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On Eve Of Conclave, SF Cardinal Levada Outspoken On New Pope Pick

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Cardinal William Levada of San Francisco. (Photo by David Paul Morris/Getty Images)

Cardinal William Levada of San Francisco. (Photo by David Paul Morris/Getty Images)

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VATICAN CITY (CBS / AP) — The Washington Post has called Cardinal William Levada of San Francisco one of the most influential people involved in the selection of the next pope. And for his part, Levada has not minced words in the days leading up to Tuesday’s conclave to replace Pope Emeritus Benedict XVI.

He said the church needs to choose a younger cardinal to counter the years of a stiff Benedict who lacked the charm of predecessor Pope John Paul.

Levada is among several cardinals who have spoken candidly with the media while in Rome preparing for the conclave, to the point that the Vatican issued a news blackout late last week.

>> Pope Watch 2013: Latest Papal News

Levada retired in 2012 after spending six years as the head of the Congregation for the Doctrine of the Faith, the Vatican’s orthodoxy watchdog, which also defrocked pedophile priests. He was archbishop in San Francisco prior to accepting the Vatican post.

He also played a key role in several church sex-abuse reforms while serving as an archbishop – and has drawn a sharp divide between gay men and pedophile priests.

“By nature homosexuality is a not a predatory activity, it is a sexual activity that the Catholic church does not condone,” he said. By contrast, he explained, pedophile priests are violating the sanctity and purity of young people.

Levada said bureaucratic reforms at the Vatican will require a lot of attention from the next pope. He said he’ll be looking for a candidate with deep faith, someone who has shown leadership and has language skills. He said youth is also a factor, and he extinguished any rumors that the next pope might be from the U.S.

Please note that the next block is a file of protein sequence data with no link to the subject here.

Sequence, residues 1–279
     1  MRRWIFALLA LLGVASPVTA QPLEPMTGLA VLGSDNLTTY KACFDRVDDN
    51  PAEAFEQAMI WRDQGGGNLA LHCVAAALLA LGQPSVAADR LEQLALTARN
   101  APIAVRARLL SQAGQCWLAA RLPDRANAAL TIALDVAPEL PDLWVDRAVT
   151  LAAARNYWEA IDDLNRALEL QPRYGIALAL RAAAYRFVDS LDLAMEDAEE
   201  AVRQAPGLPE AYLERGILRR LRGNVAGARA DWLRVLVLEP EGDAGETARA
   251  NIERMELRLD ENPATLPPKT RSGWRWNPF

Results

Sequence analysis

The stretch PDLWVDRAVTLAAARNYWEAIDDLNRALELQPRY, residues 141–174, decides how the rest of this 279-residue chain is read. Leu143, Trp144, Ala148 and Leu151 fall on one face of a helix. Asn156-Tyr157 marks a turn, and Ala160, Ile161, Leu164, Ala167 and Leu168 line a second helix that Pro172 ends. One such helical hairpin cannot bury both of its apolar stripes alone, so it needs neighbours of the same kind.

“I don’t know what the Las Vegas oddsmakers are saying today,” he said, “but I don’t think it’s likely that we would see an American pope. It would be an additional complexity for an American pope to have to deal with the perception that some of his decisions might be perceived to be dictated by American governmental policy.”

Levada also said he respects Pope Benedict’s decision to withhold findings from an investigation into Vatican leaks to cardinals voting on his successor.

“If his judgment is that there’s nothing in that report that’s necessary for the cardinals then I think we can rely on that,” he said. “Pope Benedict is a man of very good judgment.”

Levada, whose Vatican job was held by the former Cardinal Joseph Ratzinger before he became Pope Benedict XVI, said in all his years of service, he never anticipated being called to a conclave.

“Never. Never,” he said. “It’s very challenging. It’s pretty exciting.”

Levada, as a first-timer to the process, said some of his colleagues in the college of cardinals have given him an idea of what to expect.

“I think it is a prayerful atmosphere,” he said. “No campaigning. It is forbidden to campaign there. You can’t put yourself forward.”

Levada’s ideal candidate would be energetic, with the charisma of Pope John Paul, something he said Benedict lacked.

“Probably I will tend toward looking for a younger man who still has better energies, at least for a while, to really to be able to give himself completely to this,” he told KCBS Radio recently.

(Copyright 2013 CBS San Francisco & the Associated Press. All rights reserved.)

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